Another important aspect to consider is the employee’s understanding of the company’s values and mission. The cultural fit in a company can’t be overlooked. While some candidates might have the right skills and experience to get the job done, they might be completely inappropriate for the role as if they do not share the company’s values. In-house promotion ensures that the new leader understands and supports the company’s principles, making him or her better equipped to take a leadership role.  

At the same time, having the company’s values engrained in the team means that the leader can rely on the employees’ decisions and their ability to solve problems according to those principles. This allows for delegation, granting workers autonomy and sense of self-efficacy. Shared values promote employee ownership, create consistency, and ultimately simplify decision-making for everyone in the company. 

Building a strong frontline means knowing to face conflict

However, promoting from within involves some potential pitfalls. Before upgrading a current employee, it might be wise to re-evaluate their skills and suitability for the new position. On many occasions, just because an employee proves successful in their role does not mean they will fit in a position requiring more responsibility and different abilities. Even a proven record of accomplishment in a similar position does not guarantee the same successful performance this time.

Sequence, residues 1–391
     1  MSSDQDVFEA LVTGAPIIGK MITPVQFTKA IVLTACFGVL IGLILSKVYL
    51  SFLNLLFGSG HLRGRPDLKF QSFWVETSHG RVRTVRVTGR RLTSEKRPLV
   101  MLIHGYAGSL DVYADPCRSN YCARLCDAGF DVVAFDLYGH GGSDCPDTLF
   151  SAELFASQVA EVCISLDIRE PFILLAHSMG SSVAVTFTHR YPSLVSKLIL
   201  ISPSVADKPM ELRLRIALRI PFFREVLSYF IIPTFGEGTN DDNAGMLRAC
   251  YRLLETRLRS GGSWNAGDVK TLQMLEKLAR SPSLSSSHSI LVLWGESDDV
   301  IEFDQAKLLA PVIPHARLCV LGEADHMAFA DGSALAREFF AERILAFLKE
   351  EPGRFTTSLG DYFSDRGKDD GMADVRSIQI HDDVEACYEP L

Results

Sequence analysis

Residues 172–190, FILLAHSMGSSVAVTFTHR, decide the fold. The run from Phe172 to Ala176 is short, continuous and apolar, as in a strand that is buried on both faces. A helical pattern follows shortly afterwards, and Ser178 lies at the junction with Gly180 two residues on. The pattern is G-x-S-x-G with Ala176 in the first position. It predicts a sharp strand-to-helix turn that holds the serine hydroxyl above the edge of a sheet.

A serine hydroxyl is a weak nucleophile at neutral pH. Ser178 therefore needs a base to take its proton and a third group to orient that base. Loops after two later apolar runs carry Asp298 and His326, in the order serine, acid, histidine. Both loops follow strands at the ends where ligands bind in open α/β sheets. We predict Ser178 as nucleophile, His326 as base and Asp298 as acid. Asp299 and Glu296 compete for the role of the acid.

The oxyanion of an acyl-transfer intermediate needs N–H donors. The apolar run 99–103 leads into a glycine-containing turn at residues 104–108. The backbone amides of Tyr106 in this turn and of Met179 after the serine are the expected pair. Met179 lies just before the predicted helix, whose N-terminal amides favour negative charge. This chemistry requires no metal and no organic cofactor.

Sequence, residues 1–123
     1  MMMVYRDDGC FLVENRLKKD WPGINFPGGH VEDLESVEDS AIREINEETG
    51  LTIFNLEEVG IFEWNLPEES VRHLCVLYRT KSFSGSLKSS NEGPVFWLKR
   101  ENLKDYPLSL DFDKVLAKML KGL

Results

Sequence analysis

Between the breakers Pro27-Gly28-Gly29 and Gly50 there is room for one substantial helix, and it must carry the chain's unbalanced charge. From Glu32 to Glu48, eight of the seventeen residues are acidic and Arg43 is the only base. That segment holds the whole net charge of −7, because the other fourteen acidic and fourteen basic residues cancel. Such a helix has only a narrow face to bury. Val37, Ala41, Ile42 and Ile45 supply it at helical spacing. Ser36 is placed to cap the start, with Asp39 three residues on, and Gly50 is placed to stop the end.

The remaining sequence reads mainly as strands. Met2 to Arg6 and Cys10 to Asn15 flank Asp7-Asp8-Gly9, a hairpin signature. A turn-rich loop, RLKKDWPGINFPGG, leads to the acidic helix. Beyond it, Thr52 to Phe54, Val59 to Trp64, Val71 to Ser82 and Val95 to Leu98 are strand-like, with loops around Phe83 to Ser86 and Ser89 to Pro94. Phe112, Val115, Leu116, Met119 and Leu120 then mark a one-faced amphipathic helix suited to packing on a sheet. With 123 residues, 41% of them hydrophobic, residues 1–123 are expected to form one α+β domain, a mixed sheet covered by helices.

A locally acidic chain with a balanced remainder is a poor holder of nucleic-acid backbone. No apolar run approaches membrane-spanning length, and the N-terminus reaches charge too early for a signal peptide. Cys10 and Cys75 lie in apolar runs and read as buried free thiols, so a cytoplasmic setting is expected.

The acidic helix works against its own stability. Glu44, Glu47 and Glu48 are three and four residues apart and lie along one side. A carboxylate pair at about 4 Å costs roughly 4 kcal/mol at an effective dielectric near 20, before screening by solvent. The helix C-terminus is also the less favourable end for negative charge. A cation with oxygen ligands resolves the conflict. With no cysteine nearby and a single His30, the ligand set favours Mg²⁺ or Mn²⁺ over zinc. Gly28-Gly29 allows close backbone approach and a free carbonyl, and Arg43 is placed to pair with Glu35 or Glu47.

You have to let go the wrong players to keep the important ones

Building a strong frontline means not avoiding conflict and knowing when to ‘lose’ the wrong players to keep the important ones. Demoting or learning how to let go the people not doing well in their job or not performing as expected might be a wise move and help avoid future problems causing an unknown impact on the company. Although loyalty is important, keeping low performers could negatively affect the perception of the company’s promotion culture, and employees might feel that they do not need to work hard to stay or advance in their career.  

The grass is always greener...